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More people than ever before are working from home. In fact, 43 percent of U.S. workers said they spend at least some time every year working from home in a 2017 Gallup poll.

There are a number of reasons why working from home has become such a popular option, from cutting down on transportation costs to boosting productivity and efficiency.

But remote work is not totally free of obstacles. For many people who work from home – especially those who work from home full-time – maintaining productivity can be a struggle. Offices are designed to promote focus. Our houses? Not necessarily.

Here are five ways to beat back distraction and stay productive while working from home:

1. Structure Your Days in Advance

Waking up, working, and going back to sleep day after day in the same space can bring cabin fever on pretty quickly – especially if you’re stuck in a small New York City apartment. Using a calendar to plan your days and even weeks ahead of time is a great way to ensure that you’re not only getting work done but also doing other things outside your home, like exercising and spending time with friends and family.

Making sure you have things to do outside of work not only gets you out of your home, but also gives you something to which you can look forward, motivating yourself to get your work done for the day.

2. Eat Well

Those who work in office buildings may have the option of eating in a cafeteria or choosing from a myriad of neighborhood restaurants when lunch time rolls around. Those of us who work at home don’t have it so glamorous.

It’s easy to raid the pantry and snack all day, but that doesn’t contribute to productivity – or your health.

Eating a balanced diet can actually boost productivity. Moreover, preparing meals in advance can save you a few hours every week. That’s a big chunk of time, especially if you’re freelancing and working on tight deadlines.

That said, old habits die hard. Be sure to buy healthy snacks to munch on during the day when the craving strikes.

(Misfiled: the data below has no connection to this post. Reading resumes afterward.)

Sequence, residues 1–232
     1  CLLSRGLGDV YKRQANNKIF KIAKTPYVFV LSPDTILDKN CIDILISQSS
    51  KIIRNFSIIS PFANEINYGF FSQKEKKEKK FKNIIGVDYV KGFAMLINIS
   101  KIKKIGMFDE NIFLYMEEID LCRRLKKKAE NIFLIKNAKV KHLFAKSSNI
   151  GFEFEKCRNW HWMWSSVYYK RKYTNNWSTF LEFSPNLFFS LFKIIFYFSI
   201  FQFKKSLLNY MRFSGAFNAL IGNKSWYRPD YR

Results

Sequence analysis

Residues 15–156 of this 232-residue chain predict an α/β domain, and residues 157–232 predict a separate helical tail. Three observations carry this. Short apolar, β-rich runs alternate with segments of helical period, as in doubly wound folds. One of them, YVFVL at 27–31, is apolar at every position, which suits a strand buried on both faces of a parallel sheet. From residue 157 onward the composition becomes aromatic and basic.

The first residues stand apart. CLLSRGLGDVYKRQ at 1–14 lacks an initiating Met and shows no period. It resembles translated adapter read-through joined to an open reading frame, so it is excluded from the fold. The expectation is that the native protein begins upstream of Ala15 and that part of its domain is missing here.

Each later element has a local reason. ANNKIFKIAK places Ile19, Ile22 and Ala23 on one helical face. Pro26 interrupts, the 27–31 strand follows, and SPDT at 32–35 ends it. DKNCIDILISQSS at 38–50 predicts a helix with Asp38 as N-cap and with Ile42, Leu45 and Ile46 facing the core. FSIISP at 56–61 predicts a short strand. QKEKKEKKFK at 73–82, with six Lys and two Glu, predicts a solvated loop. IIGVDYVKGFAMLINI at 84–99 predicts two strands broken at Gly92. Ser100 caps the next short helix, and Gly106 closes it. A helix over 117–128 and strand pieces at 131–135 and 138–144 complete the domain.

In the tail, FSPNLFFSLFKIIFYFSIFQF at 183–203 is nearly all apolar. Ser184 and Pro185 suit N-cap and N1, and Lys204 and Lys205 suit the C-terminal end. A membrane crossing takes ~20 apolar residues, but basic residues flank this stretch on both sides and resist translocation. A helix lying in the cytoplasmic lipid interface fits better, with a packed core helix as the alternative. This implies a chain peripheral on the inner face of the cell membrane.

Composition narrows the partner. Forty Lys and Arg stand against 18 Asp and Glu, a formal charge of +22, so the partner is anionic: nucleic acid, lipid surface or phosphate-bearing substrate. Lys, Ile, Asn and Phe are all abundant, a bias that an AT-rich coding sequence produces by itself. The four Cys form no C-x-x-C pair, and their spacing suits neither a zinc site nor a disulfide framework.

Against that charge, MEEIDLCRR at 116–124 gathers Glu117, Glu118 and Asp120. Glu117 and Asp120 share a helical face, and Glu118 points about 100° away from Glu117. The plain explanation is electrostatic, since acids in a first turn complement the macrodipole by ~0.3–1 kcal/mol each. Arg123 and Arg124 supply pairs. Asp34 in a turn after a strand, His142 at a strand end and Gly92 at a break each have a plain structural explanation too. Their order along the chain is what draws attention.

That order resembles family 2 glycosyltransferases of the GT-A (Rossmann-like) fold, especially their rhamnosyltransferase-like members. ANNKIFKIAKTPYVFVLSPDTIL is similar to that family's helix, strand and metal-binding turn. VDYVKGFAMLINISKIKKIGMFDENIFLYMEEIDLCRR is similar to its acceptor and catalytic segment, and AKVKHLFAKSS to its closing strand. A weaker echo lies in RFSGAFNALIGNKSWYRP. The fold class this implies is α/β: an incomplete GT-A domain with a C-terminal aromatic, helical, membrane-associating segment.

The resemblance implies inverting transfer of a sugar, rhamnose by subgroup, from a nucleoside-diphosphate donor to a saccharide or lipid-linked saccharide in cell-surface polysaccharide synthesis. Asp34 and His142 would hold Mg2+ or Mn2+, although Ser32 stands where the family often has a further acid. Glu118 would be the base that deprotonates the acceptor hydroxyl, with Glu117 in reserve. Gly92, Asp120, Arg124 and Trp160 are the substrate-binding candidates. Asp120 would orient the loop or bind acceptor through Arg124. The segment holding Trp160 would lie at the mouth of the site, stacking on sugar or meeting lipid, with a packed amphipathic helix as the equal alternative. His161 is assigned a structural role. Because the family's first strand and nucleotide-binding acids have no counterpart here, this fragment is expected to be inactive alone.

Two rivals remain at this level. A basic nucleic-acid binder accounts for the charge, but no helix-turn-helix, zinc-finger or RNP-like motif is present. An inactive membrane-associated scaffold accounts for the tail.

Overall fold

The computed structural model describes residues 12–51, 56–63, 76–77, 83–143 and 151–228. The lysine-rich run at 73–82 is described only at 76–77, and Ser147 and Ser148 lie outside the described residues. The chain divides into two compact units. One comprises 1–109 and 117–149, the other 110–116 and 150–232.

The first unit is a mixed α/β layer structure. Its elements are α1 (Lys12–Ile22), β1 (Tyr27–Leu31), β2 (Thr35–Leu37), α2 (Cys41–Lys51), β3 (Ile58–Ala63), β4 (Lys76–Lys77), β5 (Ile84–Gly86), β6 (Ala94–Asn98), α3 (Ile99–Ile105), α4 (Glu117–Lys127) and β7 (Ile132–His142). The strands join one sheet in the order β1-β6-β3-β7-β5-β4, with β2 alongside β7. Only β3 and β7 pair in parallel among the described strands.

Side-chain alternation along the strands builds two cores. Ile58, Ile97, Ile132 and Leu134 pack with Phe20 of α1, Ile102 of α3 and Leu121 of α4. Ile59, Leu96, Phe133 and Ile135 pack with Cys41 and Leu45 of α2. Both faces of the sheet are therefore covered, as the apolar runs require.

3. Get Some Fresh Air

As mentioned earlier, it’s easy to get cabin fever when you’re in the same place all day and night, so it’s crucial to get some fresh air when you can. Try waking up early and going for a walk before your work day begins, or take a break in between projects.

legsAccording to Robert Pozen, senior lecturer at the MIT Sloan School of Management, taking a break can reenergize you when your productivity is slipping. Schedule time for a run, walk, or gym session each day and try to stick to it. Treat your breaks just like any other work task and get them done. You’ll be happy you did.

4. Create a Working Environment in Your Home Office

The place you choose to work is entirely up to you. If you’re lucky enough to have a spare room in your home, you might work there and keep it as a separate study. If you don’t have that luxury, you can get creative and turn part of your living room into a dedicated workspace.

The essentials for a productivity-oriented workspace are:

  1. Good lighting: Don’t skimp on the lamp or lighting in your room or at your desk.
  2. Ergonomic chair and desk (or standing desk): Make comfort a priority; you’re going to spend most of your day in this spot.
  3. Accessibility to the things you need: This includes anything that is fundamental to your daily work, i.e., equipment, tools, devices, cables, etc. The specifics will differ depending on your profession, but make sure whatever you need is within reach of, or as close as possible to, your workspace.

5. Build Strong Habits

Create a daily routine that will help you do your tasks in a timely manner. For example, remote worker Jana McDonough says this can be as simple as getting up every morning and putting on jeans. She claims that wearing sweatpants makes her feel sluggish, but the jeans get her in the right productive mindset.

Think of your current working arrangement at your home and ask yourself:

  1. Do I feel comfortable when I’m working, or would I rather be sitting/standing somewhere else?
  2. Do I have everything I need within my reach, or do I regularly have to rummage around my home to find things?
  3. How often do I go outside each day?
  4. How often do I stretch or exercise each day?
  5. Do I have a daily routine, or do I just get up and work on the next thing on my to-do list?

Use these questions to help identify some potential productivity bottlenecks in your current home office. You can then implement any of the above five tips to ensure you’re making the most of your working hours at home.

Stephanie Sharlow is the chief editor of DesignRush.



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